By Ed Aurelio C. Reyes

Kamalaysayan Writers and Speakers

(June 1996)

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FEW YEARS ago, I was reacting to a song popularized by  singer-actress Geneva Cruz, that carried the lines, "Anak ng Pasig naman kayo! Tapon doon, tapon dito!" I felt that it was a mass insult on  Pasigueños,  an imputation that people from that important capital town (of Rizal province), now city, are more wasteful and pollutive than other Metro Manilans.

Without a single Pasigueño in mind, I felt uneasy that such a judgment was being sung in the airlanes, and later even made the theme song of a movie. Pasig River is dead because of pollution, that's true, but it flows from the polluted Laguna de Bay, through many polluting towns before reaching the polluted Manila Bay at low tide, and it even flows backwards during high tide.

A couple of months ago, I met one proud Pasigueño, Joe Eddie Velasquez, whom I recruited to be Kamalaysayan's coordinator for Pasig, Marikina and the province of Rizal. I would not now bother the readers of this column with more information about him. But I write this to surprise you with specifics on why™ he is proud to be "Anak ng Pasig."

Whenever we hear the words "Katipunan," "Katipunero" or "Revolution," names of only a handful of places come to our minds: Tondo, Pugad ng Lawin, Balintawak, Cavite, and "at best," the so-called "first eight provinces." Pasig is not included among these names.

But it turns out that Pasig played two very important roles in the outbreak of the 1896 Revolution which was no less than the very Birth of our Nation almost a full century ago.

Early in May of 1896, in time for the pilgrimage of the Virgin of Antipolo, a fleet of 17 bancas were rowed upstream from Quiapo, carrying the leaders of the various provincial councils of the Katipunan. They were led by Andres Bonifacio. They reached that part of the river appropriately nicknamed "Bitukang Manok," and were hosted there by the Katipunero leader from Pasig, Gen. Valentin Cruz, in a big gathering dubbed as "Asamblea Magna."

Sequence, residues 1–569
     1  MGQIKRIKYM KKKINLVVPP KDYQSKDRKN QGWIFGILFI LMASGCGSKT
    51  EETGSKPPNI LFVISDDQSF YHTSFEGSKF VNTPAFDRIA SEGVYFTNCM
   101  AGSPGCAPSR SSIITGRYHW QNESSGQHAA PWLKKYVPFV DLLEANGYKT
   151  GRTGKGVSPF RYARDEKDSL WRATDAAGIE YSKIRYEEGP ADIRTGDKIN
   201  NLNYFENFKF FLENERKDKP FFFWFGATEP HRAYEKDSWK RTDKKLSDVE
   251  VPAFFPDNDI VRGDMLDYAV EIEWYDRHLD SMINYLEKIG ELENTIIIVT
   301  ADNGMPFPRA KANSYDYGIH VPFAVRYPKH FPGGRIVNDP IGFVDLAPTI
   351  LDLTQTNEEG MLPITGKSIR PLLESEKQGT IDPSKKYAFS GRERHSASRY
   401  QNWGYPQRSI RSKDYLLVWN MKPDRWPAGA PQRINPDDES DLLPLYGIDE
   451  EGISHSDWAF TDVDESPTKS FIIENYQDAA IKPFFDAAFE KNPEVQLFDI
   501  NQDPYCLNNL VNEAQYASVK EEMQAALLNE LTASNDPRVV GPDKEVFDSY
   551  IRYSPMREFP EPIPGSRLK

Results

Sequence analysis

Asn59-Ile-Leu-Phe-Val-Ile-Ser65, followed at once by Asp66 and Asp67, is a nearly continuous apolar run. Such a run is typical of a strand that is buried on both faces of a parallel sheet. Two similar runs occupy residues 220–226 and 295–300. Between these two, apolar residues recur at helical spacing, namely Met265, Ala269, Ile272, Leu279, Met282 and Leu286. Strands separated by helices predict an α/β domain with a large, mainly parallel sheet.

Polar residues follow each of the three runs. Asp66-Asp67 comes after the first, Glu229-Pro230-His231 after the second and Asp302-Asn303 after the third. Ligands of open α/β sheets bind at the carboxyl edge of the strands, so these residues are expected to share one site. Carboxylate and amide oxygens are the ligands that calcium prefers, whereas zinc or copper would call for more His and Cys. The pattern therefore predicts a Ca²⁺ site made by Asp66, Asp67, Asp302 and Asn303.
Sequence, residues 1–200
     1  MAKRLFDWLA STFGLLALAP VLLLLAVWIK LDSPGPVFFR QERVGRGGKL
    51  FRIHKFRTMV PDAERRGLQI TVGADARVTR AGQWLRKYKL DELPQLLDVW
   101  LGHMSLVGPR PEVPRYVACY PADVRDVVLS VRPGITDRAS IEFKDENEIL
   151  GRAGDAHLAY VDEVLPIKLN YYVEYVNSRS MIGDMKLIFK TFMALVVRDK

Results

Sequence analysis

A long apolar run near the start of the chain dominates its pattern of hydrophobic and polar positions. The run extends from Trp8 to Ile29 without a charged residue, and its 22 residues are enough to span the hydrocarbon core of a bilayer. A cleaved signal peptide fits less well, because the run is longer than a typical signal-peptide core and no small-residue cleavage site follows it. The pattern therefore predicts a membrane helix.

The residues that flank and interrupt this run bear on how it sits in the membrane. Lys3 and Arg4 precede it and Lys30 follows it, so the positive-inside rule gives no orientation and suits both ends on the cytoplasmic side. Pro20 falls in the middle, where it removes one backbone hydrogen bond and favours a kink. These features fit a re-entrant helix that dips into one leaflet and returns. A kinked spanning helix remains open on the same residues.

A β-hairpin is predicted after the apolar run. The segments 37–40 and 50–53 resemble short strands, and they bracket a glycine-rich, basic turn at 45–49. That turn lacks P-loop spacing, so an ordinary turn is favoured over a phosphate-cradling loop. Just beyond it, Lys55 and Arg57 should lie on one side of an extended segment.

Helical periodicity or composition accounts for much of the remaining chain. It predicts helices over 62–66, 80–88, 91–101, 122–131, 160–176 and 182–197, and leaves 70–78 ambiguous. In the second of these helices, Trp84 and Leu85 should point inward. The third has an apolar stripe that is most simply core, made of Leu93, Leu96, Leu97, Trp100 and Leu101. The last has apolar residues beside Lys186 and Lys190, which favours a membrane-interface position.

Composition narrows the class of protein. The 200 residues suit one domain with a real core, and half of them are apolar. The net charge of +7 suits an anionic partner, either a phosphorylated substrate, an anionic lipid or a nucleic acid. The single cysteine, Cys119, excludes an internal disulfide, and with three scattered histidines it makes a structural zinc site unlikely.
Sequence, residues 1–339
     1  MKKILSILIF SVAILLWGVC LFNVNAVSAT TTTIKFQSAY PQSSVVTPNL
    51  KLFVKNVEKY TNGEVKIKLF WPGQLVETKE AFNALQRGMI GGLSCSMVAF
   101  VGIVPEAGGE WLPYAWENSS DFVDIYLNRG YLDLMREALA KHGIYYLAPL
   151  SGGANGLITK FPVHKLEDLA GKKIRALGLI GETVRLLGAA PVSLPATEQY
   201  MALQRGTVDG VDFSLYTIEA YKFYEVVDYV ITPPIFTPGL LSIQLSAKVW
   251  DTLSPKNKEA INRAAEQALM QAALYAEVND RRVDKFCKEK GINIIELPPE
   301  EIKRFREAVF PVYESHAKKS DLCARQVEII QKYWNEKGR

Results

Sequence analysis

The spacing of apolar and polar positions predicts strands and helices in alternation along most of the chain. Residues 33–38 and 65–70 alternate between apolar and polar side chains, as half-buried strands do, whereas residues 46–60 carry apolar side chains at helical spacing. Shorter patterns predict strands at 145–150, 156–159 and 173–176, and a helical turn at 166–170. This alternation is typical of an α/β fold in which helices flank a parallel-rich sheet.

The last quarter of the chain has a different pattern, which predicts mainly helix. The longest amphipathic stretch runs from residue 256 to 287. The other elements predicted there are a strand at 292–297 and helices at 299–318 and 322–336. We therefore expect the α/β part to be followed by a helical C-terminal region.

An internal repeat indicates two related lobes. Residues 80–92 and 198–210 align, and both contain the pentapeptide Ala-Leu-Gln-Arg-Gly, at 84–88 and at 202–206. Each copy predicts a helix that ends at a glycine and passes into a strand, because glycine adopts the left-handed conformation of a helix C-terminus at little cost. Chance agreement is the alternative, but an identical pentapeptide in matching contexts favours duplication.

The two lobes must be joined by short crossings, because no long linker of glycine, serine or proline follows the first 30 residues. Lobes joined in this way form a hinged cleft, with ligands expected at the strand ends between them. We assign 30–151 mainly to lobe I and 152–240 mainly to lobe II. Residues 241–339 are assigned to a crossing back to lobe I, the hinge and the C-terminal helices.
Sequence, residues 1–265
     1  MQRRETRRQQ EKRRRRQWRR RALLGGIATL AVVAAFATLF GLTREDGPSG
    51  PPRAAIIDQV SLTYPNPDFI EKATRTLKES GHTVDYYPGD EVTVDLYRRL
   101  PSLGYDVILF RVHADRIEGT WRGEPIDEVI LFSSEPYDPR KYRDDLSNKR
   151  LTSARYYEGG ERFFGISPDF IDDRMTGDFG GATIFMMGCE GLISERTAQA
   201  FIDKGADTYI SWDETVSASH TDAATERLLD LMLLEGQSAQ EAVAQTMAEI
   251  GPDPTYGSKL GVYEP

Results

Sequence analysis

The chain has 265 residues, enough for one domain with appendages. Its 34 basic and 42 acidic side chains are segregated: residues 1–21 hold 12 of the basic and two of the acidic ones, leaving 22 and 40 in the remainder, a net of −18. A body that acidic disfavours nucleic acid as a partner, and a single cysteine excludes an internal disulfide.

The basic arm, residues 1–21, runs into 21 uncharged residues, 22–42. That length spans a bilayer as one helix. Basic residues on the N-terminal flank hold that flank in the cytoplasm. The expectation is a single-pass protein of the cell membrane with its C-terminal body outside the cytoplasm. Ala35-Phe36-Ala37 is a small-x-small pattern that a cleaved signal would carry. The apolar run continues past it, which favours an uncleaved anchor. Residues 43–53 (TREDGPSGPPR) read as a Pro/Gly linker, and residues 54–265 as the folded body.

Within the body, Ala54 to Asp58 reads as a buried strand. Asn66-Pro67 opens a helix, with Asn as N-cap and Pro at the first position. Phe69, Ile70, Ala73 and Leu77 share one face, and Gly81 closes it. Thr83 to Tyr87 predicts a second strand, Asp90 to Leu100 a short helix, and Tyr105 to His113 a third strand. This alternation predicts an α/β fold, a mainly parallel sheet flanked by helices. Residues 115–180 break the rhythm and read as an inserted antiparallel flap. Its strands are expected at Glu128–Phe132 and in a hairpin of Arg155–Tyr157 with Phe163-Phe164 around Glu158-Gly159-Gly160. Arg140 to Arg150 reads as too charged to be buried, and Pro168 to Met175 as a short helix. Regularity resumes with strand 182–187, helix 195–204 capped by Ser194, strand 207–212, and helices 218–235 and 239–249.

It was in that historic gathering that the Katipunan decided to begin the war against Spain shortly. Although there were waverings in the future about this decision, especially on the part of Cavite's Emilio Aguinaldo, the Decision at Bitukang Manok was one decision Katipuneros from Batanes to Cotabato were united and determined to uphold.

Late in August the same year, when the Katipuneros from all over, except Cavite, were implementing the order to attack (they all succeeded but the Caviteños did not show up to perform its role of capturing Intramuros), two thousand Pasigueños led by KKK Gen. Valentin Cruz rose in revolt in what was to be the first of the victories of the Katipunan against the Spanish forces. The event was dubbed as "Nag-Sabado, establishing for generations of Pasigueños to this day a heroic heritage they can all be proud of.

Unfortunately, generations of miseducation and generations of historical distortions have virtually erased from the mind of the Filipino people and from the collective memory of the Pasigueños themselves the two glorious Katipunan events of Asamblea Magna and Nag-Sabado in Pasig.

Not all statesmen forgot, though, as we can glean from the following words from the illustrious nationalist late Senator Jose W. Diokno: "Where would Pugadlawin, Kawit and Malolos be, were it not for Bitukang Manok?" His words, however, have been virtually drowned out by such lines from the song as "Anak ng Pasig naman kayo! Tapon doon, tapon dito!"

But things are not to remain unchanged. A wide citizen-government network, called Sentro Sentenaryo sa Pasig, has emerged to work for a fitting commemoration of the centennial of the Philippine Revolution of 1896 with the projection of Pasig back to the public mind as the site of two historic moments that made that revolution possible.

Representing the Kamalaysayan campaign network, this writer joined National Centennial Commission Chairman Salvador H. Laurel in a battery of speakers at the beginning of a mammoth celebration of the centennial of the Asamblea Magna last May. Many activities, that uphold the Kamalaysayan's appeal for a "kasali lahat" commemoration of the centennial of the birth of the nation, have been slated and hectic preparations are now underway.

It might indeed turn out that as Pasig showed the way in the 1896 Revolution a hundred years ago, the Pasigueños will again show us the way to really have a fitting celebration of our nation's 100th birthday.

This August and well beyond, it will not only be my friend and namesake who will be one proud Pasigueño. By then, the majority of the people from that city will be waving high the spirit of the Katipunan with a deep sense of pride in their hearts.

(Kamalaysayan Media Service)



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